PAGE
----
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'Biggest ever' cyber-attacks revealed
Global Times | August 04, 2011 03:01
By Wang Zhaokun
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A major US security company claimed on Wednesday that experts in the country have discovered the largest series of hacking activities to date that involve over 70 organizations, including the UN and the International Olympic Committee (IOC).

The California-based McAfee firm, which uncovered the intrusions, said in a report that it believed there was one "state actor" behind the attacks but declined to name it, though one American security expert said the evidence points to China.

However, Chinese analysts dismissed the US expert's allegation as "groundless" as McAfee's report is largely business-motivated and cannot be trusted.

Among other victims of the five-year attacks are the governments of the US, India and South Korea, according to a report published on McAfee's website.

McAfee dubbed the hackings "Operation Shady RAT" and said the earliest breaches date back to mid-2006, though there might have been other intrusions.

"What we have witnessed over the past five to six years has been nothing short of a historically unprecedented transfer of wealth," McAfee vice president for threat research Dmitri Alperovitch said.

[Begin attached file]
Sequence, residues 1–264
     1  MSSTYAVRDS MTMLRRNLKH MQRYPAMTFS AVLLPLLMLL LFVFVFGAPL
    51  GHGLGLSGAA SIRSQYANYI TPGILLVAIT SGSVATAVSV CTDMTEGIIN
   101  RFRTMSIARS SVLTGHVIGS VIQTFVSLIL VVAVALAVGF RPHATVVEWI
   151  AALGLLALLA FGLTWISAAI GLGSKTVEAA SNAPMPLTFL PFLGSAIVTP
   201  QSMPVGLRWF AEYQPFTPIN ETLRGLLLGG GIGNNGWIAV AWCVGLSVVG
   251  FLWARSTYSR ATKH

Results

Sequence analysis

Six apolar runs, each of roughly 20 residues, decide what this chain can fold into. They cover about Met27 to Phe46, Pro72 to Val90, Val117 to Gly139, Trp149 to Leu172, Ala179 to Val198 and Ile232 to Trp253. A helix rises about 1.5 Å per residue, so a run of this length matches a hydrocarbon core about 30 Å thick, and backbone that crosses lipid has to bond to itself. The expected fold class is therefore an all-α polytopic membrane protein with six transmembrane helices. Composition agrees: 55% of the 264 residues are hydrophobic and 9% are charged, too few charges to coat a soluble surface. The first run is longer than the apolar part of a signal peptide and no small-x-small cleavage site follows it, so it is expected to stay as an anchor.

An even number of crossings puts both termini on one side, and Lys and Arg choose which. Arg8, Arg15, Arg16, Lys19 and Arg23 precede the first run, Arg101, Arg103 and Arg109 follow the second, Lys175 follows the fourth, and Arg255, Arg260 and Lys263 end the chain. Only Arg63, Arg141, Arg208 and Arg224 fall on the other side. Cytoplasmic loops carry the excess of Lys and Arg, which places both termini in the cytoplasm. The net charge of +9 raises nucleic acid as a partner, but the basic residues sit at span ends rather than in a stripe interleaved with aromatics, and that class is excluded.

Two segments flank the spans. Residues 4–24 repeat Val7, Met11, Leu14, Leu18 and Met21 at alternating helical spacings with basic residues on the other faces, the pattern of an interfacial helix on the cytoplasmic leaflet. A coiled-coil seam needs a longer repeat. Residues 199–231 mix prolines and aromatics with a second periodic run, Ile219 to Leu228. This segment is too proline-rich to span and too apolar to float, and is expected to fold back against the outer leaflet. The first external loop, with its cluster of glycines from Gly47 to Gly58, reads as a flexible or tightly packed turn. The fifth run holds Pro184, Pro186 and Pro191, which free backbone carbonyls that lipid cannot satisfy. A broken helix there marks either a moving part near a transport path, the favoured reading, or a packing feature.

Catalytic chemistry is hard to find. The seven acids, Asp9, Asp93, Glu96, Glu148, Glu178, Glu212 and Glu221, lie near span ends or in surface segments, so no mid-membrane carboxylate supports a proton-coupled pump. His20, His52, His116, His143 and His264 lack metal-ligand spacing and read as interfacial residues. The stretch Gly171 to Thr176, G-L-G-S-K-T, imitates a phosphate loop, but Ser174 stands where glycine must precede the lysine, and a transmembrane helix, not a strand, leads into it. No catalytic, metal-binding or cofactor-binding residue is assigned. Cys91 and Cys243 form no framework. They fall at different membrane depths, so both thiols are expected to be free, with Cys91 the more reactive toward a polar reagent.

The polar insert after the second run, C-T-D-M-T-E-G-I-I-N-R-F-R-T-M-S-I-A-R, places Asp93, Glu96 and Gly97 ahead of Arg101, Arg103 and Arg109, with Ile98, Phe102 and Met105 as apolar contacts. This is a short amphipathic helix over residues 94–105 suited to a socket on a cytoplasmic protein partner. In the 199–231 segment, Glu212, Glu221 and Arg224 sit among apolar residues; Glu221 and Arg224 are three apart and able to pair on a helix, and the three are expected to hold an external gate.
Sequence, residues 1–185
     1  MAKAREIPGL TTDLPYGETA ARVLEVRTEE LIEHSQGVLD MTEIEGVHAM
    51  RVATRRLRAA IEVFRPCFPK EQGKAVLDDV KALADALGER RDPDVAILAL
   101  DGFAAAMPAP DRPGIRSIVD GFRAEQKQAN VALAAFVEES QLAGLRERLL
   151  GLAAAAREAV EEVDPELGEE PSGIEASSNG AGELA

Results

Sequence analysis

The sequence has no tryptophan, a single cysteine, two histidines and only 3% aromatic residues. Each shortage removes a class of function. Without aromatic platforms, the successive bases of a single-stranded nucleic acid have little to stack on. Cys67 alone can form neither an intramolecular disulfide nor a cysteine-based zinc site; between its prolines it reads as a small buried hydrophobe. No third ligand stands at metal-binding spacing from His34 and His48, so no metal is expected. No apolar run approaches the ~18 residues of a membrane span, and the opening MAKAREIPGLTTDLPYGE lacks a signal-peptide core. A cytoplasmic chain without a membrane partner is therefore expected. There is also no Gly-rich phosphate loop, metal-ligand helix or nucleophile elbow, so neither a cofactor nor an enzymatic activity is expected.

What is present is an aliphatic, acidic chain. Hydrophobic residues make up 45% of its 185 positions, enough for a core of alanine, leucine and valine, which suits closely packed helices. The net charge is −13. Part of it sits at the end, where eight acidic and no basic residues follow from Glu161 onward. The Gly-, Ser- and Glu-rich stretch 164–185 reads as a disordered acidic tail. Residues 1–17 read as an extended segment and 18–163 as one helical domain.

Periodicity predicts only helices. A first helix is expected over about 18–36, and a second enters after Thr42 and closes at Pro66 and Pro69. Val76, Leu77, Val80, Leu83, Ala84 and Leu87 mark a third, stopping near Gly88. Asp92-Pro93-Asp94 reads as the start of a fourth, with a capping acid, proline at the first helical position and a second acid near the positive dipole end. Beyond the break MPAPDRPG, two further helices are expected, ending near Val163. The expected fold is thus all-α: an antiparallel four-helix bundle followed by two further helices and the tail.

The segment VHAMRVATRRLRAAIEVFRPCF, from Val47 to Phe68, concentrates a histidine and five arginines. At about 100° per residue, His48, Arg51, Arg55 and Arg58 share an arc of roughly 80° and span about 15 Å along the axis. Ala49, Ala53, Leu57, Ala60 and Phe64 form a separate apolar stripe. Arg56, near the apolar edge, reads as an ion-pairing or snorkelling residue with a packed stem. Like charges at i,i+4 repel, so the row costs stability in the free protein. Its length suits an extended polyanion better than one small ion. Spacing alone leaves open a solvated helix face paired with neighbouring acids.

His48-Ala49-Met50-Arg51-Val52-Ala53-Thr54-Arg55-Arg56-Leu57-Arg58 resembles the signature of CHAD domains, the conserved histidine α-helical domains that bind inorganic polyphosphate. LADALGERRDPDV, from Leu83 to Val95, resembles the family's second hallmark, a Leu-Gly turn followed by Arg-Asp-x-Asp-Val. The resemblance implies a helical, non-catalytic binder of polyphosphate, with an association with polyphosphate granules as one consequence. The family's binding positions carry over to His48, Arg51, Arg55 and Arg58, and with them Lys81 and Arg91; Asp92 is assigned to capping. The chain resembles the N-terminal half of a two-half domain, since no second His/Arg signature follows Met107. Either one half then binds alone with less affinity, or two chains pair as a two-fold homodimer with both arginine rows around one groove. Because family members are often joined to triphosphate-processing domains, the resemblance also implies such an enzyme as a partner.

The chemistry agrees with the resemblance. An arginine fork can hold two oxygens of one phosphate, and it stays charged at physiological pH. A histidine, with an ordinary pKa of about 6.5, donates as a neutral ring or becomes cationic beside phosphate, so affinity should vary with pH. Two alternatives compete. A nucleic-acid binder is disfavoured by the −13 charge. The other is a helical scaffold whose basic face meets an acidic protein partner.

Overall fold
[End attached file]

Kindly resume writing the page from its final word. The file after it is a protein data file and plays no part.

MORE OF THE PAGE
"The credibility of the report issued by a business company over cyber security threats from other countries is definitely in doubt," Li Wei, a security expert with the China Institute of Contemporary International Relations, told the Global Times.

"McAfee undoubtedly raised its own reputation by issuing such a report and exaggerating threats from other countries, through which it hoped to gain more economic benefits," said Li Wei, noting that the company chose not to refer to the "state actor" by name.

"For McAfee, this is definitely the best choice to seek business gains while avoiding any accusations," he added.

The company said it had alerted victims of the attacks and had also informed law enforcement agencies that are investigating the intrusions.

However, Mark Adams, a spokesman for the IOC, told the NYT that they are "unaware" of the alleged intrusions claimed by McAfee.

Jim Lewis, a cyber expert with the Center for Strategic and International Studies, said to Reuters that it was very likely China was behind the campaign because some of the targets had information that would be of particular interest to Beijing.

"To level accusations at China based on McAfee is totally baseless considering that the US is the first country to create a cyber military command and top hackers attend the Black Hat conference in Las Vegas every year," Li said.

Agencies contributed to this story


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